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Running Out of Time for I Bond Decisions


If you want to lock in a guaranteed short term 5% yearly return, you'll need to buy I Bonds in the next few days to ensure it'll be issued this month. If you're more concerned for the long term, you might also want to buy I Bonds this month. But for that case, it's not so simple.

14-Month 5% APR

US Series I Bonds are a nice alternative to bank certificates of deposit. Unlike CDs, the rates change every 6 months, so they can be hard to compare to CDs. However, for I Bonds purchased this month, you can get a guaranteed annual rate of return of about 5% for a term of about 14 months (see post for more info). That's much better than any CD you can get nationally with a similar term (see post).

Long Term Investment or Emergency Fund

Typically, I Bonds are best for a 5-year or more investment. They won't give you the long term appreciation of stocks, but at least they do guarantee you'll stay ahead of inflation. They can also be useful as an emergency fund if you can live without the initial 1 year when they can't be redeemed. The main reason I like them as emergency funds is that you don't pay federal income taxes on the interest until you redeem them. If you save them for an emergency like a job loss, you can redeem just the amount you need and the interest earned on the redeemed I Bonds will be taxed at your current income level. If the emergency is a job loss, you'll likely be in a lower tax bracket for that year.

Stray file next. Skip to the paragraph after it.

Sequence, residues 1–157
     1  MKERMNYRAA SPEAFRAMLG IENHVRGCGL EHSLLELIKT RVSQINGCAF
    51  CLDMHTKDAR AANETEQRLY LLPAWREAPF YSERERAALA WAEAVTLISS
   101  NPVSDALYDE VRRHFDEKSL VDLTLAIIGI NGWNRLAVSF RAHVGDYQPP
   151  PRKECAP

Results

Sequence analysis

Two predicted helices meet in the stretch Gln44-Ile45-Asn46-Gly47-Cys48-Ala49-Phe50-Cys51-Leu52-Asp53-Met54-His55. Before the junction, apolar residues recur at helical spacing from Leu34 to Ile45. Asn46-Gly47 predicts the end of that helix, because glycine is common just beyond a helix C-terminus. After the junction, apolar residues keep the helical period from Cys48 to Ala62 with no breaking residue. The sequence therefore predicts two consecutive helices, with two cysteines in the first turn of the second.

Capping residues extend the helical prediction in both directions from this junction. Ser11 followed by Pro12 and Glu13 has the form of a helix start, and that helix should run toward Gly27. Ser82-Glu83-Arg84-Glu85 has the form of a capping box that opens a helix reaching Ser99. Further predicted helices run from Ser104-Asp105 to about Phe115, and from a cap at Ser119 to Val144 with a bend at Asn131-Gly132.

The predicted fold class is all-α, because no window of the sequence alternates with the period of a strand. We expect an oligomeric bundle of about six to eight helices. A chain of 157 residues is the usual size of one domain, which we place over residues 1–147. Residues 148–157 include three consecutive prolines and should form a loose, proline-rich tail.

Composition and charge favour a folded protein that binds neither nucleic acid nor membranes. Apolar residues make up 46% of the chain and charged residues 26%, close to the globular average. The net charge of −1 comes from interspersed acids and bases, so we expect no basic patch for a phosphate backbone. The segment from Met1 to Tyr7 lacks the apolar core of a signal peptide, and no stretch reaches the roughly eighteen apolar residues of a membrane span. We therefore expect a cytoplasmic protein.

So if you're planning to purchase I Bonds as a long term investment, the short term inflation based rates are not too important. Sometimes they'll be high like the next 6-months. Other times they'll be low. But overall, they'll average out. What's important is the fixed rate component. This rate remains constant for the life of the I Bond and is set by the Treasury every May 1st and November 1st. It has been as high as 3.6%. For much of 2004, it was only 1.0%. Last May it increased to 1.2% where it stands now.

Predicting the I Bond Fixed Rate

The big question is how will the I Bond fixed rate change in November. If you think it'll go up, you should wait till November to buy. If you think it'll go down, now is the time to buy. There's no consensus amoung the experts, but my best guess is for a rise of 0.2% to 1.40%. This previous post has all the details on this question.
Ari Socolow
Ari Socolow   |     |   Comment #1
Great info on the I-Bond and its value as an effective cash equivalent. Interesting viewpoint on the reset. Would you be interested in summarizing your info and publishing it on BestCashCow.com as a guest commentator? Sincerely, Ari Socolow, BestCashCow.com